Editor’s note: This article has been updated throughout.
President Joe Biden signed an executive order Friday designed to expand access to medication abortion and education about legally available abortion options, as well as provide legal backing for people seeking or providing abortions.
Biden suggested that there is little he can do independently to address abortion rights, and encouraged people — particularly women — to vote for “two additional pro-choice Senators and a pro-choice House.” That framing implies that two more Senators could give enough votes to overrule the Congressional filibuster and pass a law re-establishing the protections of Roe v. Wade.
“You, the women of America, determine the outcome of this issue,” Biden said.
But legal experts told The 19th that, two weeks after the Supreme Court overturned Roe in the case known as Dobbs v. Jackson Women’s Health Organization, this executive order provides little clarity about what steps the administration plans to take, and when they might have an impact.
Since Roe was overturned, eight states have begun enforcing total abortion bans, and three more have restricted access to the procedure for people beyond six weeks of pregnancy. Confusion over what laws are in effect has resulted in clinics scaling back services even when total abortions bans haven’t yet taken effect.
The president’s executive order directs his Department of Health and Human Services (HHS) to, within the next 30 days, “take additional action to protect and expand access to abortion care, including access to medication.” But it’s not clear how the White House intends to shore up access to medication abortion, a two-pill regimen of mifepristone and misoprostol that is approved by the federal Food and Drug Administration (FDA) and can safely terminate a pregnancy within the first trimester.
The executive order also directs the White House counsel and the U.S. attorney general to coordinate volunteer lawyers who will defend patients and medical providers facing state-based charges for “lawfully seeking or offering reproductive health care services throughout the country.” Those lawyers could defend people who are prosecuted for traveling from a state that has banned abortion to one where it remains legal. In his remarks, the president also emphasized that people are legally allowed to travel out of state for an abortion and that his administration would protect their right to do so — though he did not indicate precisely how that might occur.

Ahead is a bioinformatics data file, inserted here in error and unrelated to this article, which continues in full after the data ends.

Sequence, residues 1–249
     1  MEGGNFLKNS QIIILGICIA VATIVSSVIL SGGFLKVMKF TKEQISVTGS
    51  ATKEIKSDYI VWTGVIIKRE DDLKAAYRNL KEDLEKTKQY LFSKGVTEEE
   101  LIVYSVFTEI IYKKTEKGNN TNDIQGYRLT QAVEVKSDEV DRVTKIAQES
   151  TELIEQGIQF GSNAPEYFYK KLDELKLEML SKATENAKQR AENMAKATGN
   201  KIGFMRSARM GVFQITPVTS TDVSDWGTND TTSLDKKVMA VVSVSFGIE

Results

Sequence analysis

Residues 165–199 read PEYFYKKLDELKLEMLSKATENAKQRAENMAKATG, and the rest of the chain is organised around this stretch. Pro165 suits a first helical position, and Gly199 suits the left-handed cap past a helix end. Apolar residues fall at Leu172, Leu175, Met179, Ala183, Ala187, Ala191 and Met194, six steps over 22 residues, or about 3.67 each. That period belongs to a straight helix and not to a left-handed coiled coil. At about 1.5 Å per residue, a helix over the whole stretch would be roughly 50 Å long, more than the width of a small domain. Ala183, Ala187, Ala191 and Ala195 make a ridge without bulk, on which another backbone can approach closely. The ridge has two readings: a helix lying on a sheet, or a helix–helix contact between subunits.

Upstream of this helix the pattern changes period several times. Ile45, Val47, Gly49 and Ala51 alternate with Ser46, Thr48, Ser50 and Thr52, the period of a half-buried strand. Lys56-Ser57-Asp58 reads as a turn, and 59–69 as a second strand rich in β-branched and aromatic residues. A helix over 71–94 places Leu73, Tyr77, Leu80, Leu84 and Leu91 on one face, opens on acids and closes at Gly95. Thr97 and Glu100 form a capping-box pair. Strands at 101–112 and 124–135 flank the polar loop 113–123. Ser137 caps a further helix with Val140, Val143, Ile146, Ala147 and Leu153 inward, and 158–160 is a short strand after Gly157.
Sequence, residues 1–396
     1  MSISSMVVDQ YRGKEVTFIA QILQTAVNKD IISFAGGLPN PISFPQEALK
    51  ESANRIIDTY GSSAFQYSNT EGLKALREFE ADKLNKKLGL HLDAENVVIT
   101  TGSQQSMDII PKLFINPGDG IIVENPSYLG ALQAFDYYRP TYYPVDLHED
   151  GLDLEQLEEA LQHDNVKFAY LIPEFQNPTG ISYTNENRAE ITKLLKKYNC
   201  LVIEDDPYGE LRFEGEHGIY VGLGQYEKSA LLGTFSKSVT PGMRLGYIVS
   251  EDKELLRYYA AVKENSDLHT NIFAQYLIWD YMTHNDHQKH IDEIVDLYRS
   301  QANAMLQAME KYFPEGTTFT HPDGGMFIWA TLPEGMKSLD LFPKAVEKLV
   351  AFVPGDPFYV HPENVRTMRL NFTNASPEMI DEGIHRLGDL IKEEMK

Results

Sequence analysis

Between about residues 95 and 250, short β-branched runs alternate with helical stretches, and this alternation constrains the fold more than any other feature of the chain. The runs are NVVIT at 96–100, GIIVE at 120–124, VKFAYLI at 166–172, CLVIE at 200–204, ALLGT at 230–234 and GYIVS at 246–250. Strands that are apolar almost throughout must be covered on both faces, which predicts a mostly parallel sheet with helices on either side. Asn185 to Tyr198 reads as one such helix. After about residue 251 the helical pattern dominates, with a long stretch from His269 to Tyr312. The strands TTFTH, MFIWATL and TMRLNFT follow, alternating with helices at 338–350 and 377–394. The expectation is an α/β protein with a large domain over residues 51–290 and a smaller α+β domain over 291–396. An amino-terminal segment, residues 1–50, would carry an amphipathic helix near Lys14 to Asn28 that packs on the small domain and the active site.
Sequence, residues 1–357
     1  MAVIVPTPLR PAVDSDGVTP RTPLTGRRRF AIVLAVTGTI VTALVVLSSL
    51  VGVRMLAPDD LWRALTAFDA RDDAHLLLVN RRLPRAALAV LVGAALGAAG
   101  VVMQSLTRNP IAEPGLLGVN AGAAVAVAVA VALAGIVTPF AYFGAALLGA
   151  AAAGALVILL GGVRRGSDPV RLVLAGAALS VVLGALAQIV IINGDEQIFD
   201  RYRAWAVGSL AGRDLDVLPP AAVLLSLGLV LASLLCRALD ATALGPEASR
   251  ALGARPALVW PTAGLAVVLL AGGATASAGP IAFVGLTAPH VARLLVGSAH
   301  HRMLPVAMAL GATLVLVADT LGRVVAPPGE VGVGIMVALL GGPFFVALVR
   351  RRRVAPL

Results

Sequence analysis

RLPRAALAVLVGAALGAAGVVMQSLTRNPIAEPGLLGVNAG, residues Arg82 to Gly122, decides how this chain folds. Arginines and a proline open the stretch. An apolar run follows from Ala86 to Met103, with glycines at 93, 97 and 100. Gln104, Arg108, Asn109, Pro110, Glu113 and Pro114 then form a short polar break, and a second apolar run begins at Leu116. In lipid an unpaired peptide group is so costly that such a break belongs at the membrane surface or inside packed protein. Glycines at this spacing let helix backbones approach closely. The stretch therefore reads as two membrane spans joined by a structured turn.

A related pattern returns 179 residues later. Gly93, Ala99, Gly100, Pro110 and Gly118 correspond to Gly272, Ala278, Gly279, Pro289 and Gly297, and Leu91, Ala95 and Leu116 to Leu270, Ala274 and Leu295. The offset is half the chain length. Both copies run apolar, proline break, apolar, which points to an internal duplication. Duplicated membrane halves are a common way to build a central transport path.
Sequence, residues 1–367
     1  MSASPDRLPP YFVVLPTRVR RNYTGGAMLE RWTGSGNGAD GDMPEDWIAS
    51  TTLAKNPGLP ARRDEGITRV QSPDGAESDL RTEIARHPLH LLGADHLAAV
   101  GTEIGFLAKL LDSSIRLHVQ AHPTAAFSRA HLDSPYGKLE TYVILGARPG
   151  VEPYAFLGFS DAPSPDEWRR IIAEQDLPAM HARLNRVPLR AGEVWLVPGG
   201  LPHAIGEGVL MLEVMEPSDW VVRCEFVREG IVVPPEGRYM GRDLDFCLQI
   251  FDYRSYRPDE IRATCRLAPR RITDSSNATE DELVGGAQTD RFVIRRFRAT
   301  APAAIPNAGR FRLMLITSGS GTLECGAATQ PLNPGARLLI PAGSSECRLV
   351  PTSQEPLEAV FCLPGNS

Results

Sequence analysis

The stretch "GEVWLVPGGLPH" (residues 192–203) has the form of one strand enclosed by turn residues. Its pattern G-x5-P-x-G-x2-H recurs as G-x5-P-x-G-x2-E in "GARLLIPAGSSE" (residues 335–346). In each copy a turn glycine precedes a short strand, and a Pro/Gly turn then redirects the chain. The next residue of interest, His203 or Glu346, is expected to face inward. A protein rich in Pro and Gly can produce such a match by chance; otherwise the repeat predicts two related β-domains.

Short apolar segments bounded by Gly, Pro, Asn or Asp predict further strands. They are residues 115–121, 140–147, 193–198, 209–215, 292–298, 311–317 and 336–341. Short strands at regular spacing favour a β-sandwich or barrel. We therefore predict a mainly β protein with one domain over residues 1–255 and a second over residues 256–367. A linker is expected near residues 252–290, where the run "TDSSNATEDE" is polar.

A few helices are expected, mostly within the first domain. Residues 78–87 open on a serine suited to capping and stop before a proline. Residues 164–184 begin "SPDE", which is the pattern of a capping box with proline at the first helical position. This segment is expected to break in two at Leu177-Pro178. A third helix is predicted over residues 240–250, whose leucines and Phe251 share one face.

“The executive order is not very clarifying,” said Mary Ziegler, an abortion law historian at the University of California, Davis. “It’s like, ‘we’re going to order a bunch of people to think about stuff they could do in 30 days,’ without saying what.”
Two weeks ago, the day Roe was overturned, Attorney General Merrick Garland said states could not ban access to medication abortion based on disagreements with the FDA, a sentiment reiterated by the president.
But since then, the administration has not specified what that looks like in practice. The White House has still not clarified whether the government will sue states that have restricted access to medication abortion, or how it might otherwise expand access to those pills. A case pending in Mississippi, GenBioPro v. Dobbs, could address that question – the company GenBioPro, which manufactures mifepristone, has sued the state for banning the use of medication abortion.
But in the interim, “it feels like [White House officials[ haven’t settled how vigorously they’ll push the preemption argument and to what end,” Ziegler said.